Umami Wears Combat Boots (featuring Haricot Verts in a Miso Lime Sauce)
No matter where I am in the world, the month of March toys with my sanity. She tempts me with 60 degree days and dangles daffodils in my purview. Hornswoggled by her games, I move flowery cotton dresses out from the back of my winter closet and dance around excitedly.
“Spring is here! Spring is here!” I declare to Amelia, who is always eager to frolic. I watch Grace bask in the window square of sunlight traveling across our living room floor. Soon we will plant our garden. Soon we will go on hikes. Soon I’ll be busy catering parties for people as happy to welcome this seasonal thrill as I am.
But then March turns on me. She becomes cloudy and cold. She laughs at my lightweight coat as I run home to bundle up.
Why do I not remember this? How can I fall into this trap every year? Francis and I were in New York recently where it was 72 degrees and then 15 degrees the following day. They got inches of snow a week after we left and now it’s in the mid-50’s. It’s not quite as dramatic a temperature flux here in Portland, but it stops raining for a day or two, and all you want to do is believe that it’ll stay warm and dry.
Maybe I can beckon the sun with a springtime recipe.
I found this recipe as I flipped through a 2016 Bon Appetit Magazine. Yes, I was spring cleaning. Yes, it was December.
I tried it out that night and boy, was I thrilled I did. It’s surprisingly scrumptious. In fact, it’s wound up on a lot of menus for clients, and they always ask for the recipe. I’ve added some mint and cooked the sauce for a little bit (Bon Appetit doesn’t cook the sauce at all).
The reason it is so astonishingly delicious is because it features white miso, which is a fermented soybean paste that is chock full of umami. Umami (the Japanese word for “pleasant savory taste”) is the 5th of the basic tastes; sweetness, sourness, bitterness, saltiness, and umami. It represents the taste of amino acid glutamate, which balances other tastes to enhance the overall ambrosia of the food. It is not delicious on its own, as many of the other basic tastes might be, but it assists the other tastes to complete a flavor profile. It is found naturally in mushrooms, tomatoes, carrots, and parmesan, to name a few. I like to think of it as the flavor component that feels like a million tiny bells ringing on your tongue. While you can clearly identify salt or sugar, there is a “why am I suddenly so happy?” sensation that occurs when umami is present. This recipe has that. I promise you won’t be disappointed.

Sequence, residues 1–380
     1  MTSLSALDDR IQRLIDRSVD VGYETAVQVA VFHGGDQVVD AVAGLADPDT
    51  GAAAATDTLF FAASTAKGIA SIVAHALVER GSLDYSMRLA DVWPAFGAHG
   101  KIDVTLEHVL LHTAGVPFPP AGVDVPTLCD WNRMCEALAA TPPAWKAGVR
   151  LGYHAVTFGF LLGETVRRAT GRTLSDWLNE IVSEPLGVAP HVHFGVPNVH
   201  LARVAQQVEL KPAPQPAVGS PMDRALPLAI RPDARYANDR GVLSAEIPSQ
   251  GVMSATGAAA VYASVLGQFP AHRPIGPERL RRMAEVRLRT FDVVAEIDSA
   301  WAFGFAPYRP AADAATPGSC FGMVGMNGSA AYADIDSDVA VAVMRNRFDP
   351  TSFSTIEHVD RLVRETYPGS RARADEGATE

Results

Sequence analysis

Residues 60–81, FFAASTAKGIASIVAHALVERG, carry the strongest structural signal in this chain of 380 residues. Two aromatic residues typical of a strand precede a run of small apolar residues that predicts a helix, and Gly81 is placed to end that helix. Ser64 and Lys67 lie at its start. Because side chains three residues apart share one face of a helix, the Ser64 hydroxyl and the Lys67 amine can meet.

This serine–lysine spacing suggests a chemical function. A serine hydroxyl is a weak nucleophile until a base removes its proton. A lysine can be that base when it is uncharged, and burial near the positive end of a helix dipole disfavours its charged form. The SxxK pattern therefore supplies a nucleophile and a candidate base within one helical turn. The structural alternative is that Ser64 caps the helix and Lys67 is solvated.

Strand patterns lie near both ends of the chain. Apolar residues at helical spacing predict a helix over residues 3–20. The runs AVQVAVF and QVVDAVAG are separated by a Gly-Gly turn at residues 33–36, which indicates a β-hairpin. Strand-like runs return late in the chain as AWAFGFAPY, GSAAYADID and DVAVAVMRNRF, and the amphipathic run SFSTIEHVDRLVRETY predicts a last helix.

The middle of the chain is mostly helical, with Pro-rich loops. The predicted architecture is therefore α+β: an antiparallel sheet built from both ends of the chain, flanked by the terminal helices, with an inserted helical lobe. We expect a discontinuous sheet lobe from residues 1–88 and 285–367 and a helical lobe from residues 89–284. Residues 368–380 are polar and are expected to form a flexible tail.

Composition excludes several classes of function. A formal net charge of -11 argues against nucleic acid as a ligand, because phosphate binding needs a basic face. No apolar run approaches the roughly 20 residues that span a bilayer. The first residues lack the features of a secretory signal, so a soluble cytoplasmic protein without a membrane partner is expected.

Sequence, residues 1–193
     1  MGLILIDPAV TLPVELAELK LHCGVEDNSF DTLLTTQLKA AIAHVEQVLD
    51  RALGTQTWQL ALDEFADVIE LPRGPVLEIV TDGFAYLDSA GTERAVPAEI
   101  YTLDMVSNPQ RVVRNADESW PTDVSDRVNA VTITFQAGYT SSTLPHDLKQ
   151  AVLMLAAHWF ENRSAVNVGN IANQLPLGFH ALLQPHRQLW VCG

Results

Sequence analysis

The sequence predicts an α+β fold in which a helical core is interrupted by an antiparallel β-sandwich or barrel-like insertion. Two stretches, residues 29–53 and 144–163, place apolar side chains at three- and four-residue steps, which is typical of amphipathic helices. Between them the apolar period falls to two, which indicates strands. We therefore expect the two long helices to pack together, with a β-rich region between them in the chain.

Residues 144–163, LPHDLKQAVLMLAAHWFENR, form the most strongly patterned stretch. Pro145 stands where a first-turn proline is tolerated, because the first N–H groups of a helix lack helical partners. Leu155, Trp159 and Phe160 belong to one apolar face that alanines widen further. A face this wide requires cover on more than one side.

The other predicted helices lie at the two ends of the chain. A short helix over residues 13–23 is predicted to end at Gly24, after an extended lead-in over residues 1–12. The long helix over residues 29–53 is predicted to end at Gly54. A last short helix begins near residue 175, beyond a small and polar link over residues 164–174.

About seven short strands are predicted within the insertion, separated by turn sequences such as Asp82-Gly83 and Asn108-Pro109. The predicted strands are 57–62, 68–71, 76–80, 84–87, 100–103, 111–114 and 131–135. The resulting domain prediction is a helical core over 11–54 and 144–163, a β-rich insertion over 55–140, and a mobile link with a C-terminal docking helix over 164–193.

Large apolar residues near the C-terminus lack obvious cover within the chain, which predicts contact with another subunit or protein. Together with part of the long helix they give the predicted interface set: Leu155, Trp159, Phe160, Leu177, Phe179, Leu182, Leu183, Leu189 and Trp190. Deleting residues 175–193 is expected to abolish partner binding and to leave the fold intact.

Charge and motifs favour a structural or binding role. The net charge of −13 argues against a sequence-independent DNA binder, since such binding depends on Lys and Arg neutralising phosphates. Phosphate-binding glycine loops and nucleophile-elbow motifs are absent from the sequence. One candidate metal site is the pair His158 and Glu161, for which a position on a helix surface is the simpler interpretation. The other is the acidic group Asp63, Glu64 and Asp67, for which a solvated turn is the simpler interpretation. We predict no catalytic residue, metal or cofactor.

And maybe, just maybe, Spring will hear the call.
Haricot Verts With Miso Lime Sauce
- 3 garlic cloves, finely chopped
- 3 tablespoons fresh lime juice
- 3 tablespoons white miso
- 1 tablespoon honey
- 2 tablespoons canola oil (or another veg oil that has a high smoke point)
- 1½ pounds haricots verts
- 3 tablespoons of water
- Pinch of crushed red pepper flakes
- 1 tablespoon fresh mint, chopped fine
- Flaky sea salt, freshly ground pepper to taste
- Mix garlic, lime juice, miso, honey in a small bowl to combine. Set garlic mixture aside.
- Heat oil in a large skillet over medium-high. Add green beans and cook, undisturbed, until beginning to blister, about 2 minutes.
- Stir in garlic mixture, and toss green beans to coat over a medium heat. Stir in the water to help the sauce combine. Season with sea salt and black pepper to taste.
- Add red pepper flakes, sprinkle with fresh mint.